The Authority of the Court and the Peril of Politics By Stephen Breyer

  • Narrated by: Jim Seybert
  • Length: 1 hr and 52 mins
  • Release date: 09-14-21

The Authority of the Court and the Peril of Politics AudioBook Summary

A growing chorus of officials and commentators argues that the Supreme Court has become too political. On this view, the confirmation process is just an exercise in partisan agenda-setting, and the jurists are no more than “politicians in robes” – their ostensibly neutral judicial philosophies mere camouflage for conservative or liberal convictions.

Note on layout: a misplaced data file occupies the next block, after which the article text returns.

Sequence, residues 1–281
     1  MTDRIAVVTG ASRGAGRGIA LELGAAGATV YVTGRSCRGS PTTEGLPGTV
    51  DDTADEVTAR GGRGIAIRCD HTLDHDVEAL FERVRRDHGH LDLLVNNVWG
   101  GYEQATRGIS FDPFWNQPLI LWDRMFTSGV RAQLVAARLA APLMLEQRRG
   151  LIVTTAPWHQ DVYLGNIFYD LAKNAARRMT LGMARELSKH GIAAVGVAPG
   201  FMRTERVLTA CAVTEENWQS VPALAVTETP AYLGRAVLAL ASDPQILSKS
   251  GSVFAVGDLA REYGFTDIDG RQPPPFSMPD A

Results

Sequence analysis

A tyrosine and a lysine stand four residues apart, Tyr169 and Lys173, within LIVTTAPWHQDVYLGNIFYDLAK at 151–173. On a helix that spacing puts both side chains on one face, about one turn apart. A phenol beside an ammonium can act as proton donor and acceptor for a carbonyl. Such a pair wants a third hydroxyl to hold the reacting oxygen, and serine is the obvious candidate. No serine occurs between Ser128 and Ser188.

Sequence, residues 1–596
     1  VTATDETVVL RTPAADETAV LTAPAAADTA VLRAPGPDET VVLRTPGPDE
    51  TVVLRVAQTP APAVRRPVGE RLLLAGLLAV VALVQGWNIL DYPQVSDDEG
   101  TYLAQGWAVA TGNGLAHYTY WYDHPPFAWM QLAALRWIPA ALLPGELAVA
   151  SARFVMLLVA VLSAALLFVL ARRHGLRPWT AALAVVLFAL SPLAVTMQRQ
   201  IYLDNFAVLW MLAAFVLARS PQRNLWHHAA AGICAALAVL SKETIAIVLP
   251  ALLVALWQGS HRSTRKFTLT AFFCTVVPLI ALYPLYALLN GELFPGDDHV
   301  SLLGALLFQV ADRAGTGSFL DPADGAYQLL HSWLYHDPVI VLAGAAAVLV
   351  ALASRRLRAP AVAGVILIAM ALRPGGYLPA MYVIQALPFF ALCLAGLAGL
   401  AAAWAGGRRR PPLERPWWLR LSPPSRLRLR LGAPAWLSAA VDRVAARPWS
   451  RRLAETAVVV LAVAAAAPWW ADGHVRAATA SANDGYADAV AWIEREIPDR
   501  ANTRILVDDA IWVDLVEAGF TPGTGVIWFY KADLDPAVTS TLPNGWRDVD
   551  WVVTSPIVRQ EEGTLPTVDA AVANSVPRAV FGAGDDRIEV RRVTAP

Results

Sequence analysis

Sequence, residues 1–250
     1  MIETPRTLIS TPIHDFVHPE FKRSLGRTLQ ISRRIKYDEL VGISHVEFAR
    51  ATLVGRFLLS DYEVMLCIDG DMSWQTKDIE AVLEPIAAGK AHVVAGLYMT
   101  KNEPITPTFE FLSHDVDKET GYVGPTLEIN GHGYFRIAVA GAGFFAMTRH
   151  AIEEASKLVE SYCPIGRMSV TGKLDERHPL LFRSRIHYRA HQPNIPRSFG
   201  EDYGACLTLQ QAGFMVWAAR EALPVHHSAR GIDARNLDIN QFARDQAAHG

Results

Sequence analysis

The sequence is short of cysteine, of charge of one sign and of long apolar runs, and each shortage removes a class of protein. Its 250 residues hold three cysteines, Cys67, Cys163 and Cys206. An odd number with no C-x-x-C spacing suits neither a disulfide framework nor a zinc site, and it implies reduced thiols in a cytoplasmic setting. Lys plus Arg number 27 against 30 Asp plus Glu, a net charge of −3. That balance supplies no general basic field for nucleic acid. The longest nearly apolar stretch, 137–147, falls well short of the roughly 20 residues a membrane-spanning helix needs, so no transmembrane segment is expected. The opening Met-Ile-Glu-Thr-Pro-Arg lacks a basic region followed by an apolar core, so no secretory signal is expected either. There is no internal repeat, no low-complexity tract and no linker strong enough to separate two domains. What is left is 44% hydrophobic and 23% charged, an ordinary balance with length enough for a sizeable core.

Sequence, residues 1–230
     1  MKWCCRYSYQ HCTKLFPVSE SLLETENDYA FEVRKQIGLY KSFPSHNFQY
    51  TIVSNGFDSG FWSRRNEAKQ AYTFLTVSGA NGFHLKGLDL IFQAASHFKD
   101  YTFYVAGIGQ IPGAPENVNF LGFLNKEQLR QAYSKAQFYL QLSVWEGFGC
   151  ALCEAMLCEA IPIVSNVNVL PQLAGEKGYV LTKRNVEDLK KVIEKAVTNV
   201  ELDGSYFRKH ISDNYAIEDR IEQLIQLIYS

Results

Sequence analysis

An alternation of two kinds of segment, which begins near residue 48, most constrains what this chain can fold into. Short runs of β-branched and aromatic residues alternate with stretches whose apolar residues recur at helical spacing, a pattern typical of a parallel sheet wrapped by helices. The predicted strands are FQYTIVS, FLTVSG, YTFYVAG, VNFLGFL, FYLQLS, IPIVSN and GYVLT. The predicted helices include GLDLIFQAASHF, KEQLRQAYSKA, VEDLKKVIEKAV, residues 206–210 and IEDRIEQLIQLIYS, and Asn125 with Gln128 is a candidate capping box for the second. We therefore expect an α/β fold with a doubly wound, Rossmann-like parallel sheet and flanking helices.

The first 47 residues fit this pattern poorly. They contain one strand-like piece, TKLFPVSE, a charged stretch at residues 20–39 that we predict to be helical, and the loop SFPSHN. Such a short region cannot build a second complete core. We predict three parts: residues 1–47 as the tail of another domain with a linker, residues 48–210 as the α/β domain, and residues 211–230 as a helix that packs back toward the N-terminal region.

Stephen Breyer, drawing upon his experience as a Supreme Court justice, sounds a cautionary note. Mindful of the Court’s history, he suggests that the judiciary’s hard-won authority could be marred by reforms premised on the assumption of ideological bias. Having, as Hamilton observed, “no influence over either the sword or the purse”, the Court earned its authority by making decisions that have, over time, increased the public’s trust. If public trust is now in decline, one part of the solution is to promote better understandings of how the judiciary actually works: how judges adhere to their oaths and how they try to avoid considerations of politics and popularity.


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